Cartilage damage in the knee, for example from injury or osteoarthritis, is rarely yet to be repaired. Researchers have now tried a new approach on rabbits: They implanted a biodegradable structure made of nanofibers into the affected joint. It was designed in such a way that it generated an electrical voltage driven by the movements of the rabbit. This prompted the cells to make new cartilage. In animals treated this way, the damaged cartilage tissue heals almost completely within one to two months of training. Further studies should clarify the extent to which application in humans can be considered.
Osteoarthritis is the most common joint disease in Germany and one of the main causes of chronic pain. Cartilage in the joints breaks down due to wear and tear and chronic joint inflammation, eventually causing bone to rub against bone. Anti-inflammatory pain relievers can relieve symptoms and slow, but not reverse, breakdown. Previous therapeutic approaches attempted to replace the damaged cartilage with a healthy piece from another part of the body. In doing so, however, the extraction point is injured. Attempts to regrow cartilage in a damaged joint so far have had the problem that the regenerated cartilage was less stable than natural.
Nano scaffold with electrical activity
A team led by Yang Lui from the University of Connecticut has now tested a new approach that aims to regrow cartilage. Whereas earlier experiments typically worked with chemical growth factors, Lewis’s team relied on electrical signals instead. “Studies have shown that cartilage responds to electrical stimulation,” the researchers explain. “Electrical fields promote tissue regeneration.” So the researchers created a framework made of nanofibers that, when subjected to mechanical stress, generates an electrical voltage, called piezoelectricity. As a material they used poly-L-lactic acid, a biodegradable polymer that is used, among other things, to sew surgical wounds.
In fact, with the newly developed scaffold, they succeeded in growing cartilage in a cell culture. To test its effectiveness in real joints, the researchers first caused severe cartilage damage in the knees of several rabbits, similar to those affected by osteoarthritis. They then applied a piezoelectric nano-scaffold to one group of rabbits, and a similar nano-scaffold without piezoelectric activity to the other group. A group without a transplant served as a control group.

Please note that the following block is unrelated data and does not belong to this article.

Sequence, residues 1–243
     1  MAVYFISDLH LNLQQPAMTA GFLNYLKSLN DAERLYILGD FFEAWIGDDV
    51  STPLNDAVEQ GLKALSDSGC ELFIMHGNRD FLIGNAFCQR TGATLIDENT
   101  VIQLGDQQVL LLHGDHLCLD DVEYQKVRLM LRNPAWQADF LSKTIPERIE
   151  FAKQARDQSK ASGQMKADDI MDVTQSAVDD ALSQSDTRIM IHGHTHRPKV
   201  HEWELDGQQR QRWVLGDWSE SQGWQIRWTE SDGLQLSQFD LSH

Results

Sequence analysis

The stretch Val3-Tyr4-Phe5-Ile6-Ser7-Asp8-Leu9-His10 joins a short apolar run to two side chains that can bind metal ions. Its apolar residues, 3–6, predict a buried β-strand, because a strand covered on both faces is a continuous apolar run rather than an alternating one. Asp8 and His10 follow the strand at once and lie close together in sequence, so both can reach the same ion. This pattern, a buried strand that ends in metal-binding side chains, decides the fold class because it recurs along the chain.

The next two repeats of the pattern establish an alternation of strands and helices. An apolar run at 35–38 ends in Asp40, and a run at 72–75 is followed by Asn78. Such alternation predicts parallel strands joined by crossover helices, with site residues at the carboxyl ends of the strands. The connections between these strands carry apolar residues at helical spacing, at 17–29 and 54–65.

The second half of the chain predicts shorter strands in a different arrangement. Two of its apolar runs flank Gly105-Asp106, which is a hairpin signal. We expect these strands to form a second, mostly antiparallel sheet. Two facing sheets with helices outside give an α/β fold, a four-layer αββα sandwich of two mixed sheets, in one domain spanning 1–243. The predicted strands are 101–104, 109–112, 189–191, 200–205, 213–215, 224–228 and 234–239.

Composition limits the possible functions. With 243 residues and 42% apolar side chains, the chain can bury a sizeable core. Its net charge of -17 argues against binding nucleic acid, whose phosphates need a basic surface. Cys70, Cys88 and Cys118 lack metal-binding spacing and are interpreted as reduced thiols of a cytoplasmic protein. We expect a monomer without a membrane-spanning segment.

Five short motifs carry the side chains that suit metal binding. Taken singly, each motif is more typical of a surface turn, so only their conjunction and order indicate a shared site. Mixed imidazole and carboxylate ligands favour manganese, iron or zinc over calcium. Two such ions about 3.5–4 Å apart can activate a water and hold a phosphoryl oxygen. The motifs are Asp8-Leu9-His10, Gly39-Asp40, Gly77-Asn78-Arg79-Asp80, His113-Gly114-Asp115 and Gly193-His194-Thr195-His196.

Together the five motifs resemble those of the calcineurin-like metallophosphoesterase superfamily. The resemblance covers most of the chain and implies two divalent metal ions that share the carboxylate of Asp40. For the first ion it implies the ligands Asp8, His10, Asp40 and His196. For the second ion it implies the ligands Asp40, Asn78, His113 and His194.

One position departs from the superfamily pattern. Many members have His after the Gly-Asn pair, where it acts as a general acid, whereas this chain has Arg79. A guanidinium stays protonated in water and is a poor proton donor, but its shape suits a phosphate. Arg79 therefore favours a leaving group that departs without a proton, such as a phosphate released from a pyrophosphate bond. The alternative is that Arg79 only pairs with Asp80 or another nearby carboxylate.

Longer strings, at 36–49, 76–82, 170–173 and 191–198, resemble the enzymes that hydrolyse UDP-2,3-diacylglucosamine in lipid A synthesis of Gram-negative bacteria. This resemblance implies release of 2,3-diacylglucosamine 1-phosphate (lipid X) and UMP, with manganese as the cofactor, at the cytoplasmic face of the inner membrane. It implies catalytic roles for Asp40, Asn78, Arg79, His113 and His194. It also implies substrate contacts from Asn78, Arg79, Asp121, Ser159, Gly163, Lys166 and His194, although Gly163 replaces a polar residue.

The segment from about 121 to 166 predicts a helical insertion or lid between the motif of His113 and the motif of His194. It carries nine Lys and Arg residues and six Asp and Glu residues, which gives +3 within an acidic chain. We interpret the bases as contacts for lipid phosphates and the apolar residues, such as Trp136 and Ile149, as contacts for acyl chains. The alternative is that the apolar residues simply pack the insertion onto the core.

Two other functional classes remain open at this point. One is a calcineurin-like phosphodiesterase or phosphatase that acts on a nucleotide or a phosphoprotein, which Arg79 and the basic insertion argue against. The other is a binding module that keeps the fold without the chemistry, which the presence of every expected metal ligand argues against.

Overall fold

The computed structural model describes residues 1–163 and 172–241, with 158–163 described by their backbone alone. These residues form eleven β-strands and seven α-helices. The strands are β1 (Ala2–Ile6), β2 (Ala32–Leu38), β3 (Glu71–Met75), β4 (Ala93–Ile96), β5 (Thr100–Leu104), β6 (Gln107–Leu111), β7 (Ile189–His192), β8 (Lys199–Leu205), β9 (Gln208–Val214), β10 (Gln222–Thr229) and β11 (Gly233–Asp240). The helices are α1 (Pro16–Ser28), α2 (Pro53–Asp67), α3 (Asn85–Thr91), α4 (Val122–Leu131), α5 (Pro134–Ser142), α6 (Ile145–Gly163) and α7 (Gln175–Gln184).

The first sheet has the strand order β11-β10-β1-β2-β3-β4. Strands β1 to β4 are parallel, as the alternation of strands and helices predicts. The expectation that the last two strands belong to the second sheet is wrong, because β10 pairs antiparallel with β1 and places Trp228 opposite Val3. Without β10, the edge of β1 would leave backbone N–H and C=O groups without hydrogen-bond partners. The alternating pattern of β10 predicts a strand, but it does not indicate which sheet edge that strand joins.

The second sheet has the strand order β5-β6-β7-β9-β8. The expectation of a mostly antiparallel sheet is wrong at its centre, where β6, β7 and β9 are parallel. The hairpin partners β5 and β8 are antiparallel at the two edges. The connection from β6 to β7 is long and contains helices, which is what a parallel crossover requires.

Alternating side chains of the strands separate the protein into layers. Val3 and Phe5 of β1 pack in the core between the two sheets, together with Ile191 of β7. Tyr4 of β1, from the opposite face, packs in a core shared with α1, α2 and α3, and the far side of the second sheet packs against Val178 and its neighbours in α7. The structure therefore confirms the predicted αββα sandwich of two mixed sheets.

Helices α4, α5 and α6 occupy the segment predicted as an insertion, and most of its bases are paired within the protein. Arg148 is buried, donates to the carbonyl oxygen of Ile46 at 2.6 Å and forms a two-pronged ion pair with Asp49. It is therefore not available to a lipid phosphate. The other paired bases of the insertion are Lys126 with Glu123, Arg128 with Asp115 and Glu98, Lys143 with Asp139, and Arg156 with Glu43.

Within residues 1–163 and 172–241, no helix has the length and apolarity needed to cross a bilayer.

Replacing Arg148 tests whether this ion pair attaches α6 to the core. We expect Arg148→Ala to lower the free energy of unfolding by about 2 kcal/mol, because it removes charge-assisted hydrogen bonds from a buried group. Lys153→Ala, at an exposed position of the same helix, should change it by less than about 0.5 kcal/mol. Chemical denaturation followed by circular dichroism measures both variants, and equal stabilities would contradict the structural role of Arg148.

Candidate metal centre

almost complete cartilage regeneration
After a four-week recovery period after surgery, the researchers put half of the rabbits in each group on an exercise program. The animals were given the opportunity to jump on a treadmill. As a result of the agitation, the piezoelectric material was compressed and stretched in rabbits with a similar implant, thus generating a weak electric field. After one to two months, the researchers killed the rabbits and examined the extent to which the cartilage had regenerated.
Result: In animals that received the piezoelectric implant and then trained, the damaged cartilage was almost completely regenerated. It didn’t matter if the training lasted a month or two. “Just one month of training resulted in significant cartilage healing and left little room for further improvement,” the researchers explained. In contrast, in rabbits that had not received or trained a piezoelectric implant, cartilage healing was significantly slower.
more study needed
“Piezoelectricity is a phenomenon that is also present in the human body. Piezoelectric reactions occur in bones, cartilage, collagen, DNA, and various proteins. Our approach to healing cartilage is highly clinically applicable, and we include the treatments involved.” Will investigate the mechanism,” says Liu. However, further studies are needed before the results can actually be put into practice. “With our study we have shown that the concept works in principle,” Liu Nguyen says. “The result is fascinating, but we still have to test it on larger animals that are close to humans in terms of size and weight. In addition, animals should be observed for at least one year in future studies to ensure the durability of the cartilage.
Quayle: Yang Liu (University of Connecticut, USA) et al., Science Translational Medicine, doi: 10.1126/scitranslmed.abi7282
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